But Ralph Neas, of the liberal nonprofit People for the American Way, pointed out that two black Bush cabinet members -- Rice and Secretary of State Colin Powell -- both support affirmative action.

"It is very good news that both Condoleezza Rice and Colin Powell agree that it is appropriate to use race in achieving diversity in student body,” he said. "It also reflects precisely both what the law of the land has been for a quarter of a century and what a bipartisan majority of the American people support.”

Powell has been mum on the White House's Michigan decision. A senior State Department official said Powell and Bush have spoken from time to time about the affirmative action issue and Powell "did hear from the president” about the decision.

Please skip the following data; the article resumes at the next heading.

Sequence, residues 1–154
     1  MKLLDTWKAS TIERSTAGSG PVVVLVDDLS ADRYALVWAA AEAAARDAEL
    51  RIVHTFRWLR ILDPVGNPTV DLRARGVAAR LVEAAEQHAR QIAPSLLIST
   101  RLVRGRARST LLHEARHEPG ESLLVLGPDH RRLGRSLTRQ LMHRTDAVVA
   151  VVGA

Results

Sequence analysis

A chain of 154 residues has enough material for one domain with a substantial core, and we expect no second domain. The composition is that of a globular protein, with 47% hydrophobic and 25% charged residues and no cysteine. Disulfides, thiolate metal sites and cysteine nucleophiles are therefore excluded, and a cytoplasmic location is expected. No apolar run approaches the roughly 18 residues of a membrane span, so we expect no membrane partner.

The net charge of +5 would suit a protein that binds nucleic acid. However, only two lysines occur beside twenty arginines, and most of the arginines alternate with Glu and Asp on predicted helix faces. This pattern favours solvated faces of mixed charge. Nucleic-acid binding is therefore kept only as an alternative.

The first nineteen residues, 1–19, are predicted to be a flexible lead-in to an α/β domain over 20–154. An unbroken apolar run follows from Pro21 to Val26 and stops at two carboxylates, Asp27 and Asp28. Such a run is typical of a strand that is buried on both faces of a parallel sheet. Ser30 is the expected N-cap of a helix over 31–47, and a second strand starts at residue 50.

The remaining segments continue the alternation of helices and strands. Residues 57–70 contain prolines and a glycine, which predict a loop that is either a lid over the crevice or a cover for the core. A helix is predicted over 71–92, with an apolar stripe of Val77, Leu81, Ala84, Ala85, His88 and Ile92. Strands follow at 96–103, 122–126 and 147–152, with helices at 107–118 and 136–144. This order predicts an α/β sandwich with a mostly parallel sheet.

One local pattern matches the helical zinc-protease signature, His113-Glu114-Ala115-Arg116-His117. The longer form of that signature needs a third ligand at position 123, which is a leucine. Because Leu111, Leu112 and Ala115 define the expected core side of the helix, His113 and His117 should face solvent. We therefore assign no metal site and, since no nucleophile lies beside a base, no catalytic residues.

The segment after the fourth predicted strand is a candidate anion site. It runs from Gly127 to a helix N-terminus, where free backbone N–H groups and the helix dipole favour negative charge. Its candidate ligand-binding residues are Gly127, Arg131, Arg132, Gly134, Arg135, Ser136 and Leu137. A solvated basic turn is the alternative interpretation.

But, the official said, Powell played no role in developing the administration's view on the case. The official said, "It is not in the scope of his duties.”


You know, I almost feel sorry for her.
sisyphusshrugged: (Default)
The morning after story from the Washington Post:

Rice's statement came after an article in The Washington Post yesterday in which several White House aides said she had played a crucial role in Bush's deliberations and helped persuade him to publicly oppose Michigan's program. Officials who described her role to The Post noted that it was unusual for her to become such a major factor in an issue that did not involve foreign policy. Their comments had the effect of associating a respected African American adviser to Bush with a decision that has been criticized by many black leaders. Rice reportedly was angry about the article in part because she believed it had been written only because she is black.

Rice, the first black provost of Stanford University before joining the administration, has become so close to the president and first lady Laura Bush that she is often described as a de facto member of the family, spending many of her weekends with them at Camp David.

Some of his other best friends are mexican, on dit.